Wellington, 2014: I have a five-year-old daughter, a mortgage on a 1930s Wellington house with a 1980s kitchen, and a job at Stuff. My parents are dead; Mum’s famous tomato sauce recipe is lost forever. On the weekends I go to the market at Newtown School and buy armfuls of vegetables grown in Horowhenua, fresh noodles and pork buns. One Saturday, while trying to fit a $1 bunch of celery into our hopelessly small fridge, I have an epiphany: wouldn’t it be good to have a recipe column that focused on all the things you could do with one ingredient when it was cheap and in season?

Eventually I get brave enough to pitch this idea to the food bosses at Stuff. By this stage, I have form in this field: as well as my professional writing life I have a four-year-old food blog that I’d started to cheer myself up after moving back to Hamilton from London with a small baby.

I also know what it’s like to be a newspaper or internet reader in search of useful recipes. When we empty my parents’ home we give away many of Mum’s recipe books but I keep all her folders of neatly cut-and-pasted newspaper recipes. I think about the time Mum made Elisabeth Pedersen’s chocolate hazelnut cake and wrote to her to say it was a failure: Elisabeth wrote back explaining what she’d done wrong. ‘Don’t over-process the nuts’, Mum has noted in blue Biro next to the recipe.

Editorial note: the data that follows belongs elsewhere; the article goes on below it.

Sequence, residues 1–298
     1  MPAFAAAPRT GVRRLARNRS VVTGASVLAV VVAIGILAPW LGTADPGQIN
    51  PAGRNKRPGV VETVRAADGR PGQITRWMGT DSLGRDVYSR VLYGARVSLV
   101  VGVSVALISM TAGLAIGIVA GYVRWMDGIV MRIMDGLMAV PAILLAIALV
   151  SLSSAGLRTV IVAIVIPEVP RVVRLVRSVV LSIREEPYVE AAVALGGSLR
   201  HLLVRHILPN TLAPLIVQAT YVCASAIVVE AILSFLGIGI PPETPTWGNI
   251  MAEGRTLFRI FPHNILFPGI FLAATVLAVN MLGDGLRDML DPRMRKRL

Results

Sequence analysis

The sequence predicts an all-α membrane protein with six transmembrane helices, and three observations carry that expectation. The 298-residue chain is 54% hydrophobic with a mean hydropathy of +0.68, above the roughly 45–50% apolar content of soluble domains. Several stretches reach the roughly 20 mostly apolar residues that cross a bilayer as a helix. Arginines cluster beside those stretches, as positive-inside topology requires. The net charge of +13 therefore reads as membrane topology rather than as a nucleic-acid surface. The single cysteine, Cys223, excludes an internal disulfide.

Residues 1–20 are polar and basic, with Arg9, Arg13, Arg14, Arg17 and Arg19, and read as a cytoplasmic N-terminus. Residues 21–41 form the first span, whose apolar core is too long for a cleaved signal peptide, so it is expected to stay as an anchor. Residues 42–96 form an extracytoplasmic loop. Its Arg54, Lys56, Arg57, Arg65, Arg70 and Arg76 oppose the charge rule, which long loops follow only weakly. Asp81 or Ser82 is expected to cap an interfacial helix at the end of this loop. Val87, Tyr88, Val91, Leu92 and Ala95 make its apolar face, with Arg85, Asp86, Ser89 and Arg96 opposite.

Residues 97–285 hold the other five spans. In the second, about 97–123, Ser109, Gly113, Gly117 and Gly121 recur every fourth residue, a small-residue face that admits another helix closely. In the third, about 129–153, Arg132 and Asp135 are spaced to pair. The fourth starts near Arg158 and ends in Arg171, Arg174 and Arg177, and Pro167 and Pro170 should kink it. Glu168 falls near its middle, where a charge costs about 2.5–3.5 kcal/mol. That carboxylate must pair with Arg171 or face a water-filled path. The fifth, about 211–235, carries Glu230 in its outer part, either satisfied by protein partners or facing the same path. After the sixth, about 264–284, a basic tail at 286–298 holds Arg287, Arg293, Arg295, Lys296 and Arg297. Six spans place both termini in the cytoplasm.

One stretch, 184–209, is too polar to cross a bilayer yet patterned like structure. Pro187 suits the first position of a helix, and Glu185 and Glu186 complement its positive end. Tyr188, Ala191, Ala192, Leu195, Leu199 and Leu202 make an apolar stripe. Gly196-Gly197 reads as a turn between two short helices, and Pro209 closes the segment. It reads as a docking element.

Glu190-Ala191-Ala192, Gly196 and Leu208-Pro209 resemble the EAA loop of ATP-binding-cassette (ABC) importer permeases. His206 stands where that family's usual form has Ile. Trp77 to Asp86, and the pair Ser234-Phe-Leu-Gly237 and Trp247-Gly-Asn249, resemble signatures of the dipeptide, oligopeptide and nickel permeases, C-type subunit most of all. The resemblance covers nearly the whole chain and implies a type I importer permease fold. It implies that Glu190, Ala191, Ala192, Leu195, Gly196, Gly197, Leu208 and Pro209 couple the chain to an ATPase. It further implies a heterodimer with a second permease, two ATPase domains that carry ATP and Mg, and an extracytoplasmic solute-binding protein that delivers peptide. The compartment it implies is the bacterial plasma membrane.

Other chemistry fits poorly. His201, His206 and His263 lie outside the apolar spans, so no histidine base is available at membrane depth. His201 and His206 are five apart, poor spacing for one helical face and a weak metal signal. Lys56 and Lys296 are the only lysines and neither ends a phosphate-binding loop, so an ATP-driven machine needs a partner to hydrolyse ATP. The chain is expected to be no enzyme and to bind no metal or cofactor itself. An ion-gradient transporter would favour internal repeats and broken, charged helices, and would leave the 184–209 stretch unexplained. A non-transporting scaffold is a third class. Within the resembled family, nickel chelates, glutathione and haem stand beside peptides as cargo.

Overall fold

Amazingly, my pitch works and I start writing a weekly column. At home, we eat lots of experiments. I keep it up for three years before moving on, during which time I meet lots of people who tell me they cut the recipes out and use them regularly. I never take this feedback for granted.

Wellington, 2020: I spend a lot of time sitting at my kitchen table; eating, working, failing at homeschooling and writing what will eventually grow into Homecooked, a collection of seasonally focused recipes for everyday New Zealand cooks. I watch as people around the world rediscover the gentle art of cooking their own dinners or baking cakes during Covid-19 lockdowns and I hope this resurgence is here to stay. Home cooking isn’t glamorous, but I’m convinced that it’s important. To me, it’s the ultimate exercise in mindfulness and creative problem-solving. Plus, you can eat the results! There’s no need for a fancy kitchen, either; until we move house in late 2020, I manage to cook perfectly well even though our stove is more than 30 years old and the oven door is held shut with a hair tie.

As I gather and test recipes for the book, I think about all the home cooks I’ve learned from and the culinary life lessons that I’m hoping my daughter is absorbing. One day, I want her to recognise the humble power of feeding her friends and family ‘something out of my head’. Without realising it, I am trying to pass on my mother’s legacy. Mum might not be here to see my book in print, but her lessons are baked into every page.

– Homecooked by Lucy Corry is out now.